Psychosocial and functional contributors to personal recovery in serious mental illness

Emily B.H. Treichler, Feiyu Li, Mary O’Hare, Eric A. Evans, J. R. Johnson, William D. Spaulding

Research output: Contribution to journalArticle

1 Scopus citations

Abstract

Background: Although recovery-oriented services have been conceptualized to improve personal recovery, related research often focuses on measures of clinical recovery. Identifying the relationships between personal recovery, clinical recovery, and psychosocial variables will inform service components and outcome measurement in recovery-oriented services. Aims: This study sought to determine the connection between personal recovery and two sets of potential contributors: psychosocial variables (i.e., empowerment, resilience, and consumer involvement) and functional indicators of clinical recovery. Method: These relationships were examined by analyzing survey data collected from 266 consumers who are receiving public mental health services in the United States. Results: Empowerment, resilience and psychological involvement were associated with personal recovery. Clinical recovery did not uniquely contribute to personal recovery once psychosocial factors were accounted for. Interactions revealed that the relationship between psychological involvement and personal recovery was stronger for those who had been recently hospitalized, and for those with relatively greater resilience. Conclusions: Results indicate that personal recovery is an essential outcome measure for recovery-oriented services that cannot be replaced by clinical recovery outcome measurement. Additionally, empowerment, resilience, and consumer involvement are key components of recovery, which suggests that services and outcome measures should prioritize incorporation of these constructs.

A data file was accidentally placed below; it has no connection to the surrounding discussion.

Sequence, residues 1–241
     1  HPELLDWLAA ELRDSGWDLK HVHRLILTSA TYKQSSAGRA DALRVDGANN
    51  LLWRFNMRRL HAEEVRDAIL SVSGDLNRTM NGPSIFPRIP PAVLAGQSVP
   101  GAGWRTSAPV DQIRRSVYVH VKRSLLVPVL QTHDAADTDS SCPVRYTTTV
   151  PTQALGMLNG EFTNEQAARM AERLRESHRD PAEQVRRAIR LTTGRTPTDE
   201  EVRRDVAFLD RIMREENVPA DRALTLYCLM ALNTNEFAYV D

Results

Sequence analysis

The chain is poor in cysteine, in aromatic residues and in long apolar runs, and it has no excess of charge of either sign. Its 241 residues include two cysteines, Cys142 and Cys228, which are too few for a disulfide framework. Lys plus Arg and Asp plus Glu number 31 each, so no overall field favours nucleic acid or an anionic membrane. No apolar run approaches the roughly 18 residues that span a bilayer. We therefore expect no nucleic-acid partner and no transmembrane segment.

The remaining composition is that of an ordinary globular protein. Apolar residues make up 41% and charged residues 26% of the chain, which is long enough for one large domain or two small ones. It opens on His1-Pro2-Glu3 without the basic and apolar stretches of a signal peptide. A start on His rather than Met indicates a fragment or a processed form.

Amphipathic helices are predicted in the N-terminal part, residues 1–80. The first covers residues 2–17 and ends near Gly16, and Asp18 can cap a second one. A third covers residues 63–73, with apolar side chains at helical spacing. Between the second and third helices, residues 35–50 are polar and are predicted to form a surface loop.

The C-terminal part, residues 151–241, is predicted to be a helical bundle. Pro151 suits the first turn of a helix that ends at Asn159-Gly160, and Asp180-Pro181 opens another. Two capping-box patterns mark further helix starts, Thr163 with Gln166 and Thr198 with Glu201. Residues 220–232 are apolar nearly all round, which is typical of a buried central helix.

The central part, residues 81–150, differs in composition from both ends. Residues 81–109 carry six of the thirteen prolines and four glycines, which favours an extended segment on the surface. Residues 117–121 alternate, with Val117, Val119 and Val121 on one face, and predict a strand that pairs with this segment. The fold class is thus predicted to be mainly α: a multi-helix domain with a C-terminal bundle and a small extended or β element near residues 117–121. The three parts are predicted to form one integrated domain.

Original languageEnglish (US)
Pages (from-to)427-435
Number of pages9
JournalJournal of Mental Health
Volume28
Issue number4
DOIs
StatePublished - Jul 4 2019

Keywords

  • Serious mental illness
  • empowerment
  • functioning
  • outcome measurement
  • personal recovery
  • resilience

ASJC Scopus subject areas

  • Psychiatry and Mental health

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